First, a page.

• 25. (i). The Amir shall have an annual privy purse to be determined by a special Amiri decree. Theprivy purse may not be revised throughout the reign of the Amir, and shall thereafter be fixed bylaw.ARTICLE (35)(a). The Amir shall have the right to initiate laws, and he alone shall ratify and promulgate thelaws. Assembly has the power to overrule the Amir in the passing of laws.ARTICLE (73)The National Assembly shall express its wishes to the Government regarding publicmatters. If the Goverment cannot comply with these wishes, it shall state to the Assemblythe reasons therefor. The Assembly may comment once on the Governments statement.(c). Under no circumstances shall the principle of the hereditary rule of Bahrain, the principles ofliberty and equality set forth in this Constitution, as well as Article (2) thereof, be proposed foramendment.Law by Decree No. 14 for 2002 Exercising Political RightsPart 1 Political RightsArticle 3A person is prohibited from practicing political rights if he is sentenced for a crime orincarcerated, until he finishes his sentence.Diaspora entitled to vote in parliamentary elections.An illiterate voter, or a blind person or those with special needs can give their ballot verballybefore the Chairman of the Committee and a member, who will tick the choice of the person andput the ballot in the box.Part 4 Offense in The Referendum and Election processArticle 30Without superceding any other severe punishment that the penal law stipulates or any other law,a person can be sentenced to imprisonment for a period not more than 6 months and finednot more than 500 Bahraini Dinars or any of the above if found guilty of committing any ofthe following acts:7- Published or broadcast false statements about he topic of thereferendum or the conduct of a candidate or his morals intending to influence the outcome of thereferendum or election.Decree-Law No. (47) for the year 2002On the organization of the press, printing and publishing On the organization of the press,printing and publishing:Foundation for Democratic Advancement | 2011 FDA Electoral Fairness Audit of Bahrain Page | 25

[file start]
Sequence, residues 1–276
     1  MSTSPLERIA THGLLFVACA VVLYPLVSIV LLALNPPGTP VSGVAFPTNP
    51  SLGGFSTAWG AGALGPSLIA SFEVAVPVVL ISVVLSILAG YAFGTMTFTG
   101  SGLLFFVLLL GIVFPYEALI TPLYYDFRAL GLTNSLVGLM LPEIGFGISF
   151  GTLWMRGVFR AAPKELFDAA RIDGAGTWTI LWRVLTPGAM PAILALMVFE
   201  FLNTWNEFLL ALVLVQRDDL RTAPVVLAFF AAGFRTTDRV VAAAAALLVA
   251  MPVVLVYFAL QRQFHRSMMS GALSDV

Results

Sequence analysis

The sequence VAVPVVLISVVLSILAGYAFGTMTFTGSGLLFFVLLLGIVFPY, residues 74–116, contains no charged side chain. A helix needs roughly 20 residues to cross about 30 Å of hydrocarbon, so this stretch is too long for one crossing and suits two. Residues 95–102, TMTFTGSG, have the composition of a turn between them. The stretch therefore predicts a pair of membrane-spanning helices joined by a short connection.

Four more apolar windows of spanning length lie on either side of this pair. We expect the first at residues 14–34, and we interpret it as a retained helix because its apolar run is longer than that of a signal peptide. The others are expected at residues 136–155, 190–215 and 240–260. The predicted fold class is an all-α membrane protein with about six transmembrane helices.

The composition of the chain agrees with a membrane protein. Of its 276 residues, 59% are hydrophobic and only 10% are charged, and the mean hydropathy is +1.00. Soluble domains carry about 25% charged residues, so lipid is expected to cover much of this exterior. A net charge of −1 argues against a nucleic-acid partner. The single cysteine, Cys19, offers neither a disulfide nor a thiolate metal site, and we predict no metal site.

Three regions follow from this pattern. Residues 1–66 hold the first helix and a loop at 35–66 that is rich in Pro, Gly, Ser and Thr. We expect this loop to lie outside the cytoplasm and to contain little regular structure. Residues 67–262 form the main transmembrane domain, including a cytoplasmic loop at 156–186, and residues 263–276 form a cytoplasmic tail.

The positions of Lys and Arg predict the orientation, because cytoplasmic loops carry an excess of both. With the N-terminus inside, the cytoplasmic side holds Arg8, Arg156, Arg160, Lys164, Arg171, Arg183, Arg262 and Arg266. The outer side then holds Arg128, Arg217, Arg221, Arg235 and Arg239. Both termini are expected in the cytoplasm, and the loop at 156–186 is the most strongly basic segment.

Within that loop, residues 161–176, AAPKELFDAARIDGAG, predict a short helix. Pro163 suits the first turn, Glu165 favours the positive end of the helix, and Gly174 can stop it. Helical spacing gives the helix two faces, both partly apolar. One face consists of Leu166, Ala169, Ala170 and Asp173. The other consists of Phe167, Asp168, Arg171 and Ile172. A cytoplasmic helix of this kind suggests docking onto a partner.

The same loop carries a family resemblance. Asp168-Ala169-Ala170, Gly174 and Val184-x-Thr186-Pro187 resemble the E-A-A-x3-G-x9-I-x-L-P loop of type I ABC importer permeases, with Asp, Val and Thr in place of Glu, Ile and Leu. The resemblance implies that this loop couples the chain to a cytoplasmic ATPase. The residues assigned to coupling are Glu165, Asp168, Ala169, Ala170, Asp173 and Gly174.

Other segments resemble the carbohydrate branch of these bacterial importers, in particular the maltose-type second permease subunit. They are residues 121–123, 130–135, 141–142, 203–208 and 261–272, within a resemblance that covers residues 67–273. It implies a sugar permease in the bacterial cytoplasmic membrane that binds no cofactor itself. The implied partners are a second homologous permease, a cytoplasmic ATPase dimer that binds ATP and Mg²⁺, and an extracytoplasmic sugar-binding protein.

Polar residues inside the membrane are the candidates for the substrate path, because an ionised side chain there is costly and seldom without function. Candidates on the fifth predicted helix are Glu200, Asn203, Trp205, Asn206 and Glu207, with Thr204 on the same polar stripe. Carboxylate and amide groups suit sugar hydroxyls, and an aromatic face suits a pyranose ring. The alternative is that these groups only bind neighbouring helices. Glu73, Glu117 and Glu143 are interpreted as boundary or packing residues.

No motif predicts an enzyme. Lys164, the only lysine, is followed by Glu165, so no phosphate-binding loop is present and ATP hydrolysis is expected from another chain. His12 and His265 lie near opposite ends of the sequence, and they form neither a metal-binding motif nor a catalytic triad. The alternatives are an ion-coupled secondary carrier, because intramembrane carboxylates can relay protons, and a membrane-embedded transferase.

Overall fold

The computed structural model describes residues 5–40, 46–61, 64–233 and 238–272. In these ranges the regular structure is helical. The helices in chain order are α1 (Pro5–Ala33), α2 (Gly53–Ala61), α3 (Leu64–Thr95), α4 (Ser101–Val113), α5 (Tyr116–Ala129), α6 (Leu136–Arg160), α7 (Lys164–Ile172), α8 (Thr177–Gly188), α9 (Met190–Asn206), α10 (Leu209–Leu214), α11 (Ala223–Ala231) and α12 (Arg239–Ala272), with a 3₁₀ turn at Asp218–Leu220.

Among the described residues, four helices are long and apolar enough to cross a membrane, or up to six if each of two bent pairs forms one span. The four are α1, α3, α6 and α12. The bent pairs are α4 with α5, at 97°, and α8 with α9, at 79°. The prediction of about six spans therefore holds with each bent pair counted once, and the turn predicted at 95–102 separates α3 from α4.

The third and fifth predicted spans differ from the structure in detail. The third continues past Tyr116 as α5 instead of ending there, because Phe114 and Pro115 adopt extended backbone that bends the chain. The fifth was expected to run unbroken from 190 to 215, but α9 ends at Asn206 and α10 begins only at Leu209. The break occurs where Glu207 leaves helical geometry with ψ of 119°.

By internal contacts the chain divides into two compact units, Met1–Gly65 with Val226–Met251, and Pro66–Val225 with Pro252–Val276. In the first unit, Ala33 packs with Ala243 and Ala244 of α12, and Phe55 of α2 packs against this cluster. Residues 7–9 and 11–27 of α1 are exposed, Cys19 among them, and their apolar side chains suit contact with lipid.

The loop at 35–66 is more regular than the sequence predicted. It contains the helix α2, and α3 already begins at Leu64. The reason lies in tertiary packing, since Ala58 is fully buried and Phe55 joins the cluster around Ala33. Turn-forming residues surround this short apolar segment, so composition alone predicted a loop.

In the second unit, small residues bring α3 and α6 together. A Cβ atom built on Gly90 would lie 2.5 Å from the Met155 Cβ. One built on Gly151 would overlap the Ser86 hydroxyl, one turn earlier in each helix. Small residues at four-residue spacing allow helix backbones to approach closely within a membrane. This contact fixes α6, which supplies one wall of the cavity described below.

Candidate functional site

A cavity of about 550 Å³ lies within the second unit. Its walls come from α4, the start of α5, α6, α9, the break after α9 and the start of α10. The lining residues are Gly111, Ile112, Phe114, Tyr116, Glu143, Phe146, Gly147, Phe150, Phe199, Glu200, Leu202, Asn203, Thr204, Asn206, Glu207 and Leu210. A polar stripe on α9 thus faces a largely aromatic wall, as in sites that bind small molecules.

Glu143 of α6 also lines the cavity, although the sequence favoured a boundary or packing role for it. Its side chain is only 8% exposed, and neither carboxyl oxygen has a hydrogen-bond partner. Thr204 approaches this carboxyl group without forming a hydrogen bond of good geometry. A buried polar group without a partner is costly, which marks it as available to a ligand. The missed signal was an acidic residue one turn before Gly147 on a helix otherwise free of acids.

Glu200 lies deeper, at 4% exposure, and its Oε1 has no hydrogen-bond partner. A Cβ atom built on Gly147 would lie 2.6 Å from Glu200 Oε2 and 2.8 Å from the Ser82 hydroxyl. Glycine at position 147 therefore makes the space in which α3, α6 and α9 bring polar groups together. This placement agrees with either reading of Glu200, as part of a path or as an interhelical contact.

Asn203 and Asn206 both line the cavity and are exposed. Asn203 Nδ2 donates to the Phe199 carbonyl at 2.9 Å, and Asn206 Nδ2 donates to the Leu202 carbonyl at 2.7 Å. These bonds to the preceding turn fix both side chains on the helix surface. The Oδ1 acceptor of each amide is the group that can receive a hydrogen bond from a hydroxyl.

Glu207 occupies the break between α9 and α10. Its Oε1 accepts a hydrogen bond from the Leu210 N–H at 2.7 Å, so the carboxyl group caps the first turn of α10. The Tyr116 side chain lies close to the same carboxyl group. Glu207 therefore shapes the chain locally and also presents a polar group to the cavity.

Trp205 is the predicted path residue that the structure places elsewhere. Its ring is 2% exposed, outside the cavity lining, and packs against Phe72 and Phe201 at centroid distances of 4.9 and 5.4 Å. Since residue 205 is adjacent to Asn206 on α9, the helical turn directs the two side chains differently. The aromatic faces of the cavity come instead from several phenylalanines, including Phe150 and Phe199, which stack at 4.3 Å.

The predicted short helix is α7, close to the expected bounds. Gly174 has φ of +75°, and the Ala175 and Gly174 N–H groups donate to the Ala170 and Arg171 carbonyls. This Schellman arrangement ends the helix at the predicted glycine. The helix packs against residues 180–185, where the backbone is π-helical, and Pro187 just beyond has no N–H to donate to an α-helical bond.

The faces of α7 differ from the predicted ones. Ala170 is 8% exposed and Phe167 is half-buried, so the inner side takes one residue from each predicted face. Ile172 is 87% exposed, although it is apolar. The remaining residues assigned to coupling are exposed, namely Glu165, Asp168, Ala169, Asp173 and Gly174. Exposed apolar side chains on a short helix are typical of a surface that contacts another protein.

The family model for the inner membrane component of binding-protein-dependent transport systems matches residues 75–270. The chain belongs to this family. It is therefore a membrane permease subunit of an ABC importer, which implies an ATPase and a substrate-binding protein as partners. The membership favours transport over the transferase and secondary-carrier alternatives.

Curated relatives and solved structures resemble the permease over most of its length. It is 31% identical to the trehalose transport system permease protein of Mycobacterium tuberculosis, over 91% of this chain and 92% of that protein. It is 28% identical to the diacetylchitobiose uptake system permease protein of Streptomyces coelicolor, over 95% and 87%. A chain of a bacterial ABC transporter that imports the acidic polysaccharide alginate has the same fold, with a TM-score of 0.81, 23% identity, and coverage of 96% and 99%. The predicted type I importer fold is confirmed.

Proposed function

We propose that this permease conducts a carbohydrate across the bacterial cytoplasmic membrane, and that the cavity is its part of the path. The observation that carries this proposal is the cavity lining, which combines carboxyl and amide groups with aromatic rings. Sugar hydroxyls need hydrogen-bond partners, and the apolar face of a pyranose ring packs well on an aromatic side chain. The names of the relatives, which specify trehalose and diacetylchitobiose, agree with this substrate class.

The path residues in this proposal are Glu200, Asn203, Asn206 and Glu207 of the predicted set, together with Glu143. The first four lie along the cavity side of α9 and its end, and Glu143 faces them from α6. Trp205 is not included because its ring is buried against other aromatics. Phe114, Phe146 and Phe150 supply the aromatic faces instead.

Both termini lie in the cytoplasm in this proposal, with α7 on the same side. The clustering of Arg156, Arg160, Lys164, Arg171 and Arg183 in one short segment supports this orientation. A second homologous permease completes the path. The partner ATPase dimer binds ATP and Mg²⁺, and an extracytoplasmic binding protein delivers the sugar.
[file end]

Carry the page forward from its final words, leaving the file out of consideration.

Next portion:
• 26. Article (1) Article (1)Everyone has the right to express his opinion and to publicize it verbally or in writing orotherwise, in accordance with the terms and conditions set forth in this law, all withoutcompromising the foundations of the Islamic faith and unity of the people, and not adivisive or sectarian.Response and correctionArticle (60):The editor in chief or editor in charge - if any _ to be published on the owner the right to respondto correct what is said of the facts or previously published statements in the newspapers withinthree days following the receipt of the patch or in the first show of the paper in all editions,whichever located first, and in accordance with the dates printed in the newspaper and must Icznpublishing in the same place and with the same letters that the publication of the article or newsstory or article to be corrected.MENA Election Guide:Decree No. 14 of 2002 governs the electoral process. All Bahraini men and women over the ageof 21 are allowed to vote, as are citizens of GCC countries resident in Bahrain and non-residentswho own property in Bahrain.Members of the Chamber of Deputies are elected in 40 separate electoral districts. Thecomposition of these districts has resulted in charges of gerrymandering; the largest districts,mainly Shiite, contain over 12,000 people, while the smallest have only 500 voters. Electiondates must be set 45 days in advance, while election reruns must be announced 30 days inadvance. Before elections, a schedule of eligible voters is published for each district.Bahrain is divided into five governorates, each of which has a ten-member municipal councilpopularly elected.Electoral Fairness Audit Results for Equality of Voter Say:Score:The FDA electoral fairness audit team reached consensus on a score of 0/10.Rational for Score:Political content must conform to the preservation, principles, and goals of the kingdom.The monarchy has supreme power over the country.Foundation for Democratic Advancement | 2011 FDA Electoral Fairness Audit of Bahrain Page | 26